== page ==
Supreme Court Update – July 2018

by Dennis Crouch

Each summer, the Supreme Court takes a recess and patent cases begin to pile-up in the high-court’s docket. Only a handful of intellectual property petitions are granted certiorari each year, but almost all of the petitions raise interesting and important issues of law and policy.

The following is a comprehensive list of Patent cases pending before the Supreme Court.  I have excluded a small handful that have (in my estimation) no shot at certiorari and also fail to raise interesting patent law issues.

Petitions Granted:

  1. Prior Art – On Sale Bar: Helsinn Healthcare S.A. v. Teva Pharmaceuticals USA, Inc., et al., No. 17-1229. This case questions whether 102(a) prior art under the AIA is limited to publicly available prior art. Particularly, does a pre-filing sale of the invention count as “on sale” prior art where the sale was a private sale that did not publicly disclose the invention? Merits briefing should be complete in October with oral arguments likely held in November 2018.

Petitions for Writ of Certiorari Pending:

  1. Inequitable Conduct: Regeneron Pharmaceuticals, Inc. v. Merus N.V., No. 17-1616. The question presented is “Whether a patent right can be fully extinguished based on misconduct committed by the patentee’s counsel during federal district court litigation to enforce the patent right.”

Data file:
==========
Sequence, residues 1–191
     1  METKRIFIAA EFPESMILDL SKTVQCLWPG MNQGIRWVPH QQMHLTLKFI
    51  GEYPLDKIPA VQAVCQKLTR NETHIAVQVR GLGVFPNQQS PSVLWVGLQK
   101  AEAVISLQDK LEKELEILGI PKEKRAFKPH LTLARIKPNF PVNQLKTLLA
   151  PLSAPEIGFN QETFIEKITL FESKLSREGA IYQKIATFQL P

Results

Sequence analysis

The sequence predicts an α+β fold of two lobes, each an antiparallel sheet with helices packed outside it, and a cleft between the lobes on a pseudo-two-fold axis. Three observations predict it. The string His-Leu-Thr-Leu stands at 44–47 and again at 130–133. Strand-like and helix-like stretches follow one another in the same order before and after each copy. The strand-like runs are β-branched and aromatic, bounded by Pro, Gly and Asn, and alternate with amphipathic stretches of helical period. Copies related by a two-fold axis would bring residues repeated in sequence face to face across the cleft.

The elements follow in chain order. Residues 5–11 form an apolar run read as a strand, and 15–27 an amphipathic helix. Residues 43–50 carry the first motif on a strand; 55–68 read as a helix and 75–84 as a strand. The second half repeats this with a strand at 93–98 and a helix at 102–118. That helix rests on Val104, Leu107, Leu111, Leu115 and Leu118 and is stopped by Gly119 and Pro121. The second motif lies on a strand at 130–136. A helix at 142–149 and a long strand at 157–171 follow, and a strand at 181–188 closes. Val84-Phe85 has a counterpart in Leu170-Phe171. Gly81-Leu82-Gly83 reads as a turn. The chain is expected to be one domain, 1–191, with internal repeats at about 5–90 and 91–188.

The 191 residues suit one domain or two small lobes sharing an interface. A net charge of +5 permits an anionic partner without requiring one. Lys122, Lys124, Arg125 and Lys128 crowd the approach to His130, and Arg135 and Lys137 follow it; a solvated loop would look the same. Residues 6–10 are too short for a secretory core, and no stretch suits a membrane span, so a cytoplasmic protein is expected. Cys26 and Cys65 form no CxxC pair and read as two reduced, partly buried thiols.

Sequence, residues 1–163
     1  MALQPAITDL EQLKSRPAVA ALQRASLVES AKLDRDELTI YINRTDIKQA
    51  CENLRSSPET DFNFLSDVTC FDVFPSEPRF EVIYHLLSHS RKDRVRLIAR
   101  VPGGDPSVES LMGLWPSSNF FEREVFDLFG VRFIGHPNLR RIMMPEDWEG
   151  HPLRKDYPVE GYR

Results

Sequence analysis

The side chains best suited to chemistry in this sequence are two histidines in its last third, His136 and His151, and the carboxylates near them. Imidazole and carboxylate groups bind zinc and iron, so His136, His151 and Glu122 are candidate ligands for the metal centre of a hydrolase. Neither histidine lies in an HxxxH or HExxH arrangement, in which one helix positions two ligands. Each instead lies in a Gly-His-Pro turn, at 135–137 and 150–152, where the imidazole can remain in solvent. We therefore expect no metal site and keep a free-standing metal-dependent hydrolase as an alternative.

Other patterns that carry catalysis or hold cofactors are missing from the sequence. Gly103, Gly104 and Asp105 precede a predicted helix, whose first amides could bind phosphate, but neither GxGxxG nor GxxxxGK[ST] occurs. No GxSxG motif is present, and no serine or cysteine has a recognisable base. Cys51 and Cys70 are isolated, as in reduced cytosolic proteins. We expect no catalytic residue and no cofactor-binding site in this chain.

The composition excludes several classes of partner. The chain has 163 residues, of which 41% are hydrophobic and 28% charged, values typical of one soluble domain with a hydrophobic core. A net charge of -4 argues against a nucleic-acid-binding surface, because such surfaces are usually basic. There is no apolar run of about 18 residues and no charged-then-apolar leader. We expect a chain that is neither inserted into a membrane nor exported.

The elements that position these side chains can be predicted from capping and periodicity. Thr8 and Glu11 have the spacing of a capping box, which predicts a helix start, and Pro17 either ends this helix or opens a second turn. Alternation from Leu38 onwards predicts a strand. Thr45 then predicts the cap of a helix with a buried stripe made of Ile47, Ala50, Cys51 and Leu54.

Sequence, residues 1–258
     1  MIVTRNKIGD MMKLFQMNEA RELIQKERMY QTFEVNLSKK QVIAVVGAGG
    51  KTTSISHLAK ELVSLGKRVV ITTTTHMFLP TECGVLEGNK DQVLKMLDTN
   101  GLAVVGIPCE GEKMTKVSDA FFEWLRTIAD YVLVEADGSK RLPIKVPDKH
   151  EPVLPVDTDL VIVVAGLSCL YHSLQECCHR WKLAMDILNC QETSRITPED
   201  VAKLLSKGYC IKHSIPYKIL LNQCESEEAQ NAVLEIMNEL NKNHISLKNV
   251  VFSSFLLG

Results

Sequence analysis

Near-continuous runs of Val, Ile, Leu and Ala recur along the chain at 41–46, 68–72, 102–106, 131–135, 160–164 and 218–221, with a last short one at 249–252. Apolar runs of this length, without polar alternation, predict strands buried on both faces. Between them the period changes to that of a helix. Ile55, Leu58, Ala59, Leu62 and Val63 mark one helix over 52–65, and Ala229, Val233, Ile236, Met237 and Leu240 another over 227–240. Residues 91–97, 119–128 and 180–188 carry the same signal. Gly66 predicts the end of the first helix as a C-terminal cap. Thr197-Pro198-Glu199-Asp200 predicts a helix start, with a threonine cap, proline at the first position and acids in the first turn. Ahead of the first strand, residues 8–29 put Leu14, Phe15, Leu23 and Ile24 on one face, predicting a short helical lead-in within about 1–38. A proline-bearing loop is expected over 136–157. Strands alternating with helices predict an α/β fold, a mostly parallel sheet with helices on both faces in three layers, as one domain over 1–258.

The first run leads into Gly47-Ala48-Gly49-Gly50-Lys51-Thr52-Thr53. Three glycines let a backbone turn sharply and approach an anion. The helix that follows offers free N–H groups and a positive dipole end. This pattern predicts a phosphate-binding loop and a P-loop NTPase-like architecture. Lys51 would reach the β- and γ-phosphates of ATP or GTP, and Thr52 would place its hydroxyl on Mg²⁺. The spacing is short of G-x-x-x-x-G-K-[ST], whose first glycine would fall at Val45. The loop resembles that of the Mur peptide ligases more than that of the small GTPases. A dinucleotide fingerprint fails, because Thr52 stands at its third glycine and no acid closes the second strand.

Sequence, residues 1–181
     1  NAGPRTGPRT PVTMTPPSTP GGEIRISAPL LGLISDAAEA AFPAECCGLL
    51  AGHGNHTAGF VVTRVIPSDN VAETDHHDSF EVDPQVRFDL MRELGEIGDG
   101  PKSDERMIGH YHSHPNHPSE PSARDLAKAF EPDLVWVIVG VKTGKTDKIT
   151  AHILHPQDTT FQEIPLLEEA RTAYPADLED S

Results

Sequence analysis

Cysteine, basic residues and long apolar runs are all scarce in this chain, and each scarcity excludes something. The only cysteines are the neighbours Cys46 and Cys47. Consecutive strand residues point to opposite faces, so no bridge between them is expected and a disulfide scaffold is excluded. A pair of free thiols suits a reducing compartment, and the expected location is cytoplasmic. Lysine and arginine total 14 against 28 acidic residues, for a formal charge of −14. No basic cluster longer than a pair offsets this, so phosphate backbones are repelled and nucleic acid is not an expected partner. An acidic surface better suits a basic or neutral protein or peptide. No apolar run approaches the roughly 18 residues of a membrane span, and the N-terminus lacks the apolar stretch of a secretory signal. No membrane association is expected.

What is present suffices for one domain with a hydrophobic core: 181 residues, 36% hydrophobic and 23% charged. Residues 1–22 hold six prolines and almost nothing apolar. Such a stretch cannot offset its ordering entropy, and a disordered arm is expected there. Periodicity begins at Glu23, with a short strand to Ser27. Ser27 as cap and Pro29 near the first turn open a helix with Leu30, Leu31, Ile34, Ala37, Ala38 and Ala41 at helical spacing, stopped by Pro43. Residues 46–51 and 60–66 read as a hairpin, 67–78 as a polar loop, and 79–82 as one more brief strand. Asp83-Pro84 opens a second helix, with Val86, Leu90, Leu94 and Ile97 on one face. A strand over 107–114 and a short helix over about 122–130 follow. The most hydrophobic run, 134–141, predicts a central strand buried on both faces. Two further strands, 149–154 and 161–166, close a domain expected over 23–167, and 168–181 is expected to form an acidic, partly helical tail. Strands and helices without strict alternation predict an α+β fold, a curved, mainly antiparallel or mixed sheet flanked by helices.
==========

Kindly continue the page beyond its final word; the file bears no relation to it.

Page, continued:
2. Validity – Indefiniteness: American Technical Ceramics Corp. v. Presidio Components, Inc., No. 17-1497 (Can a patent’s definiteness be proven based wholly upon post-filing evidence?)
  3. Damages – Enhanced Damages: Bombardier Recreational Products Inc., et al. v. Arctic Cat Inc., No. 17-1645 (Can treble damages for “willful infringement” be based upon a “should have known” standard?)
  4. Validity – Obviousness: Nichia Corporation, et al. v. Everlight Electronics Co., Ltd., et al., No. 17-1707 (Treating obviousness as a question of fact vs law).
  5. Validity – Obviousness: B/E Aerospace, Inc. v. C&D Zodiac, Inc., No. 17-1252 (Process of obviousness analysis — is there first a prima facie obviousness analysis followed by consideration of objective indicia of non-obviousness?)
  6. Procedure – Standing for AIA Trials: Return Mail, Inc. v. United States Postal Service, No. 17-1594 (Whether the government is a “person” who can petition to institute a CBM;  Does a 1498(a) action count as an infringement action?)
  7. Procedure – Standing of AIA Trials: RPX Corporation v. ChanBond LLC, No. 17-1686 (What is required for a petitioner to have standing to appeal an AIA Trial final decision?)